Pakistan’s anti-corruption body has approved a new case against deposed premier Nawaz Sharif, days after Prime Minister Imran Khan urged the authorities to dispose of major graft cases quickly.
Sharif, the 70-year-old supremo of the Pakistan Muslim League (Nawaz) who was ousted from power in 2017 by the Supreme Court on corruption charges, is currently in London for medical treatment.
The National Accountability Bureau also approved cases against Sharif’s ex-personal secretary Fawad Hasan Fawad, former federal minister Ahsan Iqbal, former foreign secretary Aizaz Chaudhry and former Intelligence Bureau (IB) chief Aftab Sultan, Dawn newspaper reported.
On Thursday, a total of 11 cases were approved at NAB’s Executive Board Meeting (EBM) presided over by its chairman, retired Justice Javed Iqbal.
According to the NAB, a fresh case was approved against Sharif along with Chaudhry, Sultan and Fawad for “illegally” purchasing 73 high-security vehicles for the security of foreign dignitaries.
They are accused of favouritism and illegal use of vehicles, causing a loss of over Rs 1,952 million to the national exchequer.
The EBM also approved a case against Ahsan Iqbal and Mohammad Ahmed, contractor/owner of private firm Ahmed and Sons, for increasing the scope of the Sports City project in Narowal from Rs 30 million to Rs 3 billion by “abusing the authority”.
They are accused of illegally providing the funds of the federal government to provincial government projects after the 18th Amendment by using personal influence, which inflicted huge losses on the national exchequer.
The case against Iqbal was approved two days after he had said in a private TV talk show that the NAB had been investigating the Narowal Sports City case against him for the last two-and-a-half years but did not file a reference.
Sharif is already facing several cases of corruption and misuse of authority which he has declared as a result of political vendetta by the current government led by Prime Minister Khan.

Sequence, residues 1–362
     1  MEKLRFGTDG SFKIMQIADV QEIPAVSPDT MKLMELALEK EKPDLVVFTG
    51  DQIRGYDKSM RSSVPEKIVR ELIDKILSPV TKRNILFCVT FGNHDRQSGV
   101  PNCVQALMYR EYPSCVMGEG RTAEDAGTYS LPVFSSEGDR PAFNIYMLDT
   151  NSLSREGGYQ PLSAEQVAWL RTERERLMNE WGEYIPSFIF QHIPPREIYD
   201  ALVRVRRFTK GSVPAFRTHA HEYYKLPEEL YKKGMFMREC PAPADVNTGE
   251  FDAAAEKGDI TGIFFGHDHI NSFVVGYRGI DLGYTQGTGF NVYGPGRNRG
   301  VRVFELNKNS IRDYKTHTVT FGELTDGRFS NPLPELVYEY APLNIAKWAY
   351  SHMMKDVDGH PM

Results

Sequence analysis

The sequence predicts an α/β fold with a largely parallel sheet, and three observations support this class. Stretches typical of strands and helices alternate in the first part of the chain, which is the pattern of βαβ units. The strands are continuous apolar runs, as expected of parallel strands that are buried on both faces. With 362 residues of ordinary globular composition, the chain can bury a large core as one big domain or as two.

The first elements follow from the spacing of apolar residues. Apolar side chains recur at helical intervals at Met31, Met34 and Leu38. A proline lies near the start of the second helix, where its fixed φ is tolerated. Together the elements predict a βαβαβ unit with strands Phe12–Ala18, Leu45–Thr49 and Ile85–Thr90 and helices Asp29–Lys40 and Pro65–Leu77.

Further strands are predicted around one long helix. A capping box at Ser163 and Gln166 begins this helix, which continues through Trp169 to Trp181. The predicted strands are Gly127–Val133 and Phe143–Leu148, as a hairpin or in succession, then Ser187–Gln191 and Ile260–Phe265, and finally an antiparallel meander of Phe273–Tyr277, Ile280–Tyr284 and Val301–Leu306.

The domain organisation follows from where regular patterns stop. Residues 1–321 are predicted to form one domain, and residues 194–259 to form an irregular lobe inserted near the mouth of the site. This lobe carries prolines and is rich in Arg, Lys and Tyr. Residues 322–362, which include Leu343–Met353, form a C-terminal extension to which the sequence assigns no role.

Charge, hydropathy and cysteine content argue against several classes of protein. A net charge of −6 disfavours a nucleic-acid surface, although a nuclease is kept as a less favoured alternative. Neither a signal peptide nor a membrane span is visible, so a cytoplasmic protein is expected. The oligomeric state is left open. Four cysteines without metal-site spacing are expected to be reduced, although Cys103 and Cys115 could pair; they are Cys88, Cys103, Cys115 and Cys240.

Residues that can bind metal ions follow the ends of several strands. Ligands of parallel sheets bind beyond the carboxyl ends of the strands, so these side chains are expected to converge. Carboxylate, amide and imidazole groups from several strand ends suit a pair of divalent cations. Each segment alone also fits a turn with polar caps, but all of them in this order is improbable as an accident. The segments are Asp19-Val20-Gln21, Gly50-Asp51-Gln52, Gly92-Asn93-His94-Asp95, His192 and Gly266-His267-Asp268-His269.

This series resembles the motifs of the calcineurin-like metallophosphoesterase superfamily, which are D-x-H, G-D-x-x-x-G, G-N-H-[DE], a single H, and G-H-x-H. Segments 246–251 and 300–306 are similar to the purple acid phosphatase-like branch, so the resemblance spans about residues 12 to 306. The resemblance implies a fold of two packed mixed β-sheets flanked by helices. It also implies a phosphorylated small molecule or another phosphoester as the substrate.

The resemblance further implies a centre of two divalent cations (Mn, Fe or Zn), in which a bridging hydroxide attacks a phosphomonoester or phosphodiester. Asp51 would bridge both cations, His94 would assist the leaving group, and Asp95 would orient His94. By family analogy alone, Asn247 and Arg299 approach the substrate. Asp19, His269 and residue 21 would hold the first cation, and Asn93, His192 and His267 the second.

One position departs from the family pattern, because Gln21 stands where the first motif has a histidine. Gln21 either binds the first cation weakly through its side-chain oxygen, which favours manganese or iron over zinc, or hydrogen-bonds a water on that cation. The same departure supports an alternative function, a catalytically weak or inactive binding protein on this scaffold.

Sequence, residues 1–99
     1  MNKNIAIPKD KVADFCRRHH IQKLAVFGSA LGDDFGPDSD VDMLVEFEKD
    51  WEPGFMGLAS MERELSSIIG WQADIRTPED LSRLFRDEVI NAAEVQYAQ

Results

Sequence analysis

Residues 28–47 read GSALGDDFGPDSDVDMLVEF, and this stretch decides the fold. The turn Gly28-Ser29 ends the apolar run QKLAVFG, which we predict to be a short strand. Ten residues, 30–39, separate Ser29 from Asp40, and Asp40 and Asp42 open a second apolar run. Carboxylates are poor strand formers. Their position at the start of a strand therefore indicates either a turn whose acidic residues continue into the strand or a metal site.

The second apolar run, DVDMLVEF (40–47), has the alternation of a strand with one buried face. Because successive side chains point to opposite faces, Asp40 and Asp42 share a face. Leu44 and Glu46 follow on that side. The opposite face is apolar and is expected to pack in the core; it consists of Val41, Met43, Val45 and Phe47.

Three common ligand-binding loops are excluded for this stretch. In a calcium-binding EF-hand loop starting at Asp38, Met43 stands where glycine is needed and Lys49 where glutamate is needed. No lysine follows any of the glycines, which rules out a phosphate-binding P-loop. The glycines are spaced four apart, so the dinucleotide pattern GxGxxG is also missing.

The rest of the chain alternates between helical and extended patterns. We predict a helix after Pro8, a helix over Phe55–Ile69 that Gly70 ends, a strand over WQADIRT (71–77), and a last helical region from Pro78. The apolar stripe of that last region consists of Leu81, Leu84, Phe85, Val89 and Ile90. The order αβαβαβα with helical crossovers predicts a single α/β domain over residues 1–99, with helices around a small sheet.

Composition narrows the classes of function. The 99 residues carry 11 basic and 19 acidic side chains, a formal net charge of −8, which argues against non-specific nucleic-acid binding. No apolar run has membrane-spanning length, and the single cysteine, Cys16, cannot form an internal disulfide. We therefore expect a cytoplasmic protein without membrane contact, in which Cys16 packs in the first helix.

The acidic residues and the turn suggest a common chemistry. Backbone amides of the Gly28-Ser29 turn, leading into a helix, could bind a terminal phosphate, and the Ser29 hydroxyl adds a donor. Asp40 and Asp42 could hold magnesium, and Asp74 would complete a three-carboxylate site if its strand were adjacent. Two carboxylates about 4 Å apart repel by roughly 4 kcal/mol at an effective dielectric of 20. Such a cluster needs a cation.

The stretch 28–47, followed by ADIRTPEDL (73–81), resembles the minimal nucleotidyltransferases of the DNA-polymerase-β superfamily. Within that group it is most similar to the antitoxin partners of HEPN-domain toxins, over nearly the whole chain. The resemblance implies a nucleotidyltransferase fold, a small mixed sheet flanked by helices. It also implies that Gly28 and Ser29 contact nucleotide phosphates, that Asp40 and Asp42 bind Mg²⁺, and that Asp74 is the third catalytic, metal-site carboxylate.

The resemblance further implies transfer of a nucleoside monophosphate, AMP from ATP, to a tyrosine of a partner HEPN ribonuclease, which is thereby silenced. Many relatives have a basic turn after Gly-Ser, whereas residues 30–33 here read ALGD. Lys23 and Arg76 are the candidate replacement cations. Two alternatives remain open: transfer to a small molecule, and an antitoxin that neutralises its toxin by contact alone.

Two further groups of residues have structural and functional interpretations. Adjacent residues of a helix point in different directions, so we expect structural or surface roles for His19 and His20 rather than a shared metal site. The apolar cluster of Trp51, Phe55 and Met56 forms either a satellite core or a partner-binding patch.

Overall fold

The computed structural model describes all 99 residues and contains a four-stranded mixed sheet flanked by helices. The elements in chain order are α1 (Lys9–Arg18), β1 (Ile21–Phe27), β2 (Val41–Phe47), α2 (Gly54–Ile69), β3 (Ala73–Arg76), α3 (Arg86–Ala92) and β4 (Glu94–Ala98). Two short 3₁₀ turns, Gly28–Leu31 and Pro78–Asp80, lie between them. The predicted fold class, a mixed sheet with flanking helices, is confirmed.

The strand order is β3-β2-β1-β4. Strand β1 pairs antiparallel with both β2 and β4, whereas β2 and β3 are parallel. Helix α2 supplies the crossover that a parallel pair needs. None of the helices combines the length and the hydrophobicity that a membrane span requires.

The approval of fresh cases followed a recent speech by Prime Minister Khan that the Opposition would see a “different Imran Khan”, which was interpreted as a threat to arrest more opposition leaders and court cases.
Apart from Sharif and his close aides, the NAB approved cases worth billions of rupees of alleged corruption against several officials and businessmen for causing losses to the country in different projects.
Sharif criticised the military establishment in recent speeches at gatherings of the opposition Pakistan Democratic Movement.
Days before the July 2018 general elections, Sharif was convicted in the Avenfield properties case and sentenced to 10 years in prison. His daughter Maryam was sentenced to seven years in prison for abetment and his son-in-law Captain (retd) Mohammad Safdar to one year.
In December 2018, anti-corruption court judge Arshad Malik convicted Sharif in Al-Azizia Steel Mills case and sentenced him to seven years in prison. Judge Malik was later dismissed from service over misconduct.
The IHC later granted bail to Sharif, Maryam and Safdar. Sharif, after his conviction in the Al-Azizia case, was sent to jail but released for eight weeks on medical grounds. The bail-granting order lapsed while the former premier was in London.
The IHC had in September fixed the appeals against conviction of Sharif in Al-Azizia and Avenfield cases. After hearing the pleas, the court rejected Sharif’s applications seeking hearing in absentia and issued his non-bailable arrest warrants.
The court then issued his proclamation giving the former premier final opportunity to join the proceeding before confiscating his properties.
Separately, an accountability court in Islamabad has already confiscated movable and immovable properties of Sharif because he absconded in the Toshakhana case, which is about alleged corruption in purchase of vehicles.
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